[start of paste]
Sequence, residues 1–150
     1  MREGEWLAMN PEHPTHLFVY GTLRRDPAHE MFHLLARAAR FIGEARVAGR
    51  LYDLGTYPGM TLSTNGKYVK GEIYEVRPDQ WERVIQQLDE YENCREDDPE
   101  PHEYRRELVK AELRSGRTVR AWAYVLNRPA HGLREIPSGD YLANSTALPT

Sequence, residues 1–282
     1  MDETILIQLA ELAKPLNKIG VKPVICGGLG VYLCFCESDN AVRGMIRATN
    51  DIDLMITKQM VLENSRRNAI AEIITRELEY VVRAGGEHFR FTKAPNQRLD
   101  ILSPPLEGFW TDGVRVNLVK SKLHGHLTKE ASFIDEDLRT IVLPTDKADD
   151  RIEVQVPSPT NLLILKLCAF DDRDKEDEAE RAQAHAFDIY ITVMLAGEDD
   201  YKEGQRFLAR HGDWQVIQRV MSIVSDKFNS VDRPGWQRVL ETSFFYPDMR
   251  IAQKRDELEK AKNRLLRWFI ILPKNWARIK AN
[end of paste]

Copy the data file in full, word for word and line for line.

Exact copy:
Sequence, residues 1–150
     1  MREGEWLAMN PEHPTHLFVY GTLRRDPAHE MFHLLARAAR FIGEARVAGR
    51  LYDLGTYPGM TLSTNGKYVK GEIYEVRPDQ WERVIQQLDE YENCREDDPE
   101  PHEYRRELVK AELRSGRTVR AWAYVLNRPA HGLREIPSGD YLANSTALPT

Sequence, residues 1–282
     1  MDETILIQLA ELAKPLNKIG VKPVICGGLG VYLCFCESDN AVRGMIRATN
    51  DIDLMITKQM VLENSRRNAI AEIITRELEY VVRAGGEHFR FTKAPNQRLD
   101  ILSPPLEGFW TDGVRVNLVK SKLHGHLTKE ASFIDEDLRT IVLPTDKADD
   151  RIEVQVPSPT NLLILKLCAF DDRDKEDEAE RAQAHAFDIY ITVMLAGEDD
   201  YKEGQRFLAR HGDWQVIQRV MSIVSDKFNS VDRPGWQRVL ETSFFYPDMR
   251  IAQKRDELEK AKNRLLRWFI ILPKNWARIK AN